Every time a new digital device or platform is released, one of the first things people tend to do with it is try to play games. Social networking sites like Facebook are no exception. Early Facebook games were simple affairs, mostly limited to wall posts. These days Facebook games can be quite complex, with sound and graphics and mouse clicking galore. They are also extremely popular. In fact, it could be argued that Facebook’s popularity and success is now somewhat dependent on the popularity and success of its games.
According to Facebook’s own statistics, over 750 million people actively use Facebook. Zynga, the company that makes the most popular games on Facebook, claims 230 million people are playing their games every month. That’s over 1/4 of all Facebook users! Facebook is currently valued at around $70 billion; Zynga, between $15 and $20 billion. Again, about 1/4 the value of Facebook as a whole, and that’s just one company; there are several other companies making games that attract players in the 10s of millions.
Facebook and social media games rely on two different revenue streams, but both depend on attracting as many people as possible to their services. Facebook, like its web 2.0 brethren and indeed much of the public internet, relies on advertisements. Facebook games use advertisements as well, but a bulk of their money comes from microtransactions. The games are free to play, but players can spend money to acquire items, bypassing the often large amounts of time and effort necessary to earn them for free. Facebook wants a piece of that action, which is why it introduced Facebook Credits; as of July this year all social game developers have to use Facebook credits for all in-game monetary transactions, allowing Facebook to snatch 30% of their revenue.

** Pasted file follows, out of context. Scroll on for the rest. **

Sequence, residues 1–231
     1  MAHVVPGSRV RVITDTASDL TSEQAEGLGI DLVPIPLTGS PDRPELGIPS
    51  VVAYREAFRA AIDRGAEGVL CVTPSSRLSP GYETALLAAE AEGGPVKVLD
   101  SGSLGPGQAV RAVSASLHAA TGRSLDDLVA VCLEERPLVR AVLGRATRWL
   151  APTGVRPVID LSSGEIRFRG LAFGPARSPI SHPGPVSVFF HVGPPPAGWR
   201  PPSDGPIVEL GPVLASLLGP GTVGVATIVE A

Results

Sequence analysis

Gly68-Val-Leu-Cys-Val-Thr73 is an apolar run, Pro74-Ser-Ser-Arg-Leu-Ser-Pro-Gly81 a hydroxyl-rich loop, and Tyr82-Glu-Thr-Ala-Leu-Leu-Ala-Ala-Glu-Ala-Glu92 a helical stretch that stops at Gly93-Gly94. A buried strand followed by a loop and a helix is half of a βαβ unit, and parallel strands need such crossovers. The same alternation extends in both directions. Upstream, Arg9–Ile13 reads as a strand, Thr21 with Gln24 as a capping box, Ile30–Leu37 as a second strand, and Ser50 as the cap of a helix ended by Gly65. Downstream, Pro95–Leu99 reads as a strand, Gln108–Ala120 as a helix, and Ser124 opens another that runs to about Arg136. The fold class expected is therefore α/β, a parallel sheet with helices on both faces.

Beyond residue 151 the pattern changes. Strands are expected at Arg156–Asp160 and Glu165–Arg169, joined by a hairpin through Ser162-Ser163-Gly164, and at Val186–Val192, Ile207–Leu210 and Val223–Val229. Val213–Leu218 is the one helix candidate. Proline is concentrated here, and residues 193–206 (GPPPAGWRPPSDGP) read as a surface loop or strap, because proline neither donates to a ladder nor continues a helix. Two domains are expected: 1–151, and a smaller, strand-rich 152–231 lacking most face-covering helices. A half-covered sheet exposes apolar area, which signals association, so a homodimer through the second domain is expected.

The irony of all of this is that the games aren’t really social. They’re mostly asynchronous, which means people aren’t playing directly with other people (unlike, say, playing board games with friends). They also don’t really encourage meaningful communication between players; instead, they push players (overtly or not) to convince as many friends as possible to join in the “game”. At one point this resulted in a lot of Facebook Wall spam, which non-players found quite annoying. Facebook locked down games’ ability to post to the wall, forcing developers to find other ways to make their games as viral as possible. Some players, realizing how annoying this could be to their friends, have created separate Facebook accounts solely to play games, amassing “friends” lists in the 100s or 1000s made up of complete strangers, solely for the in-game advantages such “friends” have to offer.
Just because these social networking games are part of social media sites, these games do not necessarily lead to positive social behaviour.
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